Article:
Bet that title got your attention…beats freakin’ Plot Points!
Today we’re gonna continue our script/clips series for Great Scenes with, YES!, the scene where mom (Joan Allen) masturbates for the first time. I’ll show the script here and you can go down to the YouTube video below (and thanks to Cyrille from France for preserving it). Scene de la baignoire, indeed!
Some of these scenes I’ve been highlighting are vastly different from the finished movie. Not here. This is pretty much as is for what became the movie. Interesting though, seeing how it’s laid out on the page by writer Gary Ross. Let’s check it out…
Before this, Joan Allen has been the Leave It To Beaver Mom. Eisenhower-era, pancakes and sausage links every morning, drink and dinner waiting for hubby, and most definitely the twins beds at night. There is not only no fornication in Pleasantville, there isn’t even the concept of it. The thought never comes into the mind, until slutty Reese Witherspoon shows up from the present and plants the notion in Mom’s mind. Sex? What’s sex?
INT. PARKER BEDROOM. NIGHT.
George crosses from the dresser to the TWO TWIN BEDS in the
middle of the room. He wears long sleeve pajamas that are
buttoned up to the neck. George puts his glass of warm milk
on the nightstand and climbs in his own single bed. It is
barely wide enough for his body and takes some maneuvering.
Sweetie? You coming to bed?
There is no answer.
She stands in her bathrobe staring down at the tub. Her
dressing gown is buttoned to the neck as well.
Yeah … I’m just going to take a bath
Between his virginal wife here as George Parker, or being married to Nina Hartley in Boogie Nights, the classic Little Bill New Year’s Eve suicide–William H. Macy has had a couple classic sex scenes in the movies–even if it’s his wife getting the action in both. He’s clueless here that this is a bath like no bath that his wife ever took before, a bath that’s gonna literally set this world aflame in Technicolor.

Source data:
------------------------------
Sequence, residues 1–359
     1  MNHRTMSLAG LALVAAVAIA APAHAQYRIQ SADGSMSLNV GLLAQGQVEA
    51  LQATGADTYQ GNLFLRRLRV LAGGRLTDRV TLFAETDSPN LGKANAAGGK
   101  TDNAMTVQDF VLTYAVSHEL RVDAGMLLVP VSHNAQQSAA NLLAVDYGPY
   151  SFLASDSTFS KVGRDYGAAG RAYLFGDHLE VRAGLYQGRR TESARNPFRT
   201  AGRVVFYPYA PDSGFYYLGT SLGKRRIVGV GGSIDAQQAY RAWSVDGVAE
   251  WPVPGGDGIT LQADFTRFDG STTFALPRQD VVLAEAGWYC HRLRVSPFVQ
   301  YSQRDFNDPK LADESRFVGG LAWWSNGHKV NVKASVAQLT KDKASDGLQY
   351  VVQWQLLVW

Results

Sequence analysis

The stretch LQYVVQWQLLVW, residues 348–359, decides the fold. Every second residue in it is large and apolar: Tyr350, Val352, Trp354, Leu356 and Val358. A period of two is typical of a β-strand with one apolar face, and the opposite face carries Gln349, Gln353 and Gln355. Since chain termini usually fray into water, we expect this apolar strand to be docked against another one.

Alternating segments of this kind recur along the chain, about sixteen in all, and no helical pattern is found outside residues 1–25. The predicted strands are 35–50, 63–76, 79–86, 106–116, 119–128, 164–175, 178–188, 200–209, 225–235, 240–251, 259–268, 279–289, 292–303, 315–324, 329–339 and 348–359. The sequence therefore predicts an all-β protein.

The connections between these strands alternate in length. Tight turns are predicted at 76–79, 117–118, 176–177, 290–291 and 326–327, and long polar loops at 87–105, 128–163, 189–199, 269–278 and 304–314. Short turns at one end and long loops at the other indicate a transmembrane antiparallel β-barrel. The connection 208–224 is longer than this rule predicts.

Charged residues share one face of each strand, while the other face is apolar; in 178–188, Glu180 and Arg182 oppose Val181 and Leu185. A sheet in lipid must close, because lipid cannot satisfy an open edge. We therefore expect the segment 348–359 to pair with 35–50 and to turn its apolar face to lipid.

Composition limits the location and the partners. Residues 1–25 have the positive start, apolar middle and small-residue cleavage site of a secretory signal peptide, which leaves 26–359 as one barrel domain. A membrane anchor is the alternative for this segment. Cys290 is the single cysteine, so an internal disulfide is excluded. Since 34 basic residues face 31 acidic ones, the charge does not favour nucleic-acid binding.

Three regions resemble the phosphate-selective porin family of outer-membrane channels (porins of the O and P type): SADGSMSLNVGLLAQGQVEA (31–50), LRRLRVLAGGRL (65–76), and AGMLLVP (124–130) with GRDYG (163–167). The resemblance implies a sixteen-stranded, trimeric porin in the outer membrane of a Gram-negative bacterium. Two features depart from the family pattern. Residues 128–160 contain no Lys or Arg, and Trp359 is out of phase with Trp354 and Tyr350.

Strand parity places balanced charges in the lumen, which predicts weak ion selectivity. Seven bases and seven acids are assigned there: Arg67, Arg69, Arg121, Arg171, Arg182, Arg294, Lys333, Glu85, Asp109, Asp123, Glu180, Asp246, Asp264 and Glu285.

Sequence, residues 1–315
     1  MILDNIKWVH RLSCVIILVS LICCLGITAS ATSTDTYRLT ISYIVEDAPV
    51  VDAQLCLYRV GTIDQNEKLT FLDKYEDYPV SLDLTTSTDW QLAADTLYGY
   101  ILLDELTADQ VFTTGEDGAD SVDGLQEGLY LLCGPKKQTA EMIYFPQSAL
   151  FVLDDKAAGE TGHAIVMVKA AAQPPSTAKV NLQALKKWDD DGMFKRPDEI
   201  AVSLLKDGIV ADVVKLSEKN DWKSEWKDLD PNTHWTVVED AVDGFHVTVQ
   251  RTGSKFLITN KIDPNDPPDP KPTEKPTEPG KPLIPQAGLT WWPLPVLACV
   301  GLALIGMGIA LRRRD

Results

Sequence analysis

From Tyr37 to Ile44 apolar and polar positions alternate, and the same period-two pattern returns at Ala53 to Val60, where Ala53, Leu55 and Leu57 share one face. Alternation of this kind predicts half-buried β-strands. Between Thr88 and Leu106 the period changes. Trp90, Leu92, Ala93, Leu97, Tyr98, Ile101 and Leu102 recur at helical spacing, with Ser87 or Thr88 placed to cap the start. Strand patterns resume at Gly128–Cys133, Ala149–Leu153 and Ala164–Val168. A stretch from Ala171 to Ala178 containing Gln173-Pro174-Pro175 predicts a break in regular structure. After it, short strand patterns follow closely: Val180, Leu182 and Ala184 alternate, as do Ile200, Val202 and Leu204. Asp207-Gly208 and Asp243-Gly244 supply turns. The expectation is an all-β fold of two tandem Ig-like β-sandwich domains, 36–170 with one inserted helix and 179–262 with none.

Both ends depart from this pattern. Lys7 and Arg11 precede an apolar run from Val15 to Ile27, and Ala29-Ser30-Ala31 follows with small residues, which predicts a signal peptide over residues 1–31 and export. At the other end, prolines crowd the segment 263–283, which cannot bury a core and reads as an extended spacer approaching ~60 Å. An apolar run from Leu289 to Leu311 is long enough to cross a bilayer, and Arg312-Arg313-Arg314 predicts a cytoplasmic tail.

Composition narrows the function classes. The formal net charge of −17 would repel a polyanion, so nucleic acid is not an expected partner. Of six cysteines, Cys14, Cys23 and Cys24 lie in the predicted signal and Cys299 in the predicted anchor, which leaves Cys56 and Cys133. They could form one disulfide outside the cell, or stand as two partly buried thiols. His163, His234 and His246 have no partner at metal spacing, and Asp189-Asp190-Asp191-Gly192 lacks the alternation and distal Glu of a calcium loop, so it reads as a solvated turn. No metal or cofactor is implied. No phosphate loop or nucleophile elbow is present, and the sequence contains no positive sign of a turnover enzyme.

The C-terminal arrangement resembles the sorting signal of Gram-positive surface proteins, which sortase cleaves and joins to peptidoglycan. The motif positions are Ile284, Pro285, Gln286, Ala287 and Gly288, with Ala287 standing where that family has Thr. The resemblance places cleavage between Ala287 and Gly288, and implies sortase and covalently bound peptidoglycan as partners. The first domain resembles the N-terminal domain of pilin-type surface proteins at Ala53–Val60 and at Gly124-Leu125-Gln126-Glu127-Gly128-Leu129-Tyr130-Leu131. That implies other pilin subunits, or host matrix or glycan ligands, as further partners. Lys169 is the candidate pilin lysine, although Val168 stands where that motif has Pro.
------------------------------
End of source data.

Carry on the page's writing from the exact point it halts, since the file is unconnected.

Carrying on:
She swallows once as she stares down at the tub–then reaches
for the spigot and turns on the water. Betty’s heart beats a
little faster as she HEARS the WATER THUNDERING DOWN.
CLOSER STILL …
Betty reaches up and unties the little silk ribbon at the top
of her robe. She slips it off, and lets it drop to the floor,
standing naked in the middle of the bathroom. Betty glances
toward the mirror and then quickly glances away. She takes a
deep breath and steps into the tub.
EVEN TIGHTER. ON HER FACE …
Betty slides down into the warm water, breathing in the
steam, and closing her eyes for a moment. She lingers like
that for a second or two, before settling a little lower in
the tub. Betty opens her eyes, but they only half open. There
is the slight trace of a smile.
EXTREME CLOSE UP BETTY’S FACE.
Her eyes close again as she bites her lower lip gently. The
water continues to THUNDER DOWN as she arches her back.
Betty’s breathing seems to quicken as she opens her eyes all
Would I recommend you NOT write in camera direction like this? If you’re new to screenwriting, with no agent, not directing the movie and haven’t raised the funds to show it–do NOT write in camera angles like this. Writer Gary Ross did direct this, so he was seeing it clearly long before he shot it. As usual, the answer on writing in camera angles is–it depends.
Back to the script…things starting to get interesting in that bathroom!
Here is where the whole world shifts, the first orgasm in Pleasantville!
HER POV. BATHROOM …
ALL AT ONCE, EVERYTHING AROUND STARTS TO TURN FROM BLACK AND
WHITE TO COLOR. A BIRD OUT THE WINDOW BECOMES A RED BREASTED
ROBIN. THE TILE ON THE TUB TURNS OUT TO BE PURPLE. GREEN
TOWEL … PINK ROBE … BRIGHT YELLOW DAISIES ON THE PLASTIC
CLOSE UP. BETTY’S FACE.
She stares in amazment. Beads of sweat form on Betty’s
forehead as the world goes to TECHNICOLOR. The THUNDERING
WATER POUNDS IN THE BACKGROUND, but beneath can be heard the
beginnings of a faint, low, MOAN. Her eyes dart around the
room. Her breathing quickens: Faster … Harder … More
intense … THEN SUDDENLY …
EXT. ELM STREET. NIGHT.
The HUGE ELM TREE across the street suddenly BURSTS INTO
FLAMES. Fire shoots straight up into the sky as billowing
clouds of black smoke fill the air. BRIGHT ORANGE FLAMES
LIGHT UP THE NIGHT.
Ever remember another movie image like that?
Kinda puts the small stuff in perspective–any objections to his CAPPING OBJECTS, his SPECIFYING CLOSE UPS, etc–kinda go away in comparison to the concept–a black and white TV world, pure Americana, infiltrated by a pair of time traveling, dysfunctional teens, turning the black and white Eisenhower-era into a Huck Finn reading, free-loving and fully “colored” world. Killer premise.
Killer premise/concept/hook & mediocre script…
Killer script & mediocre premise….
Which do you think the producer would want first?
Here’s the scene: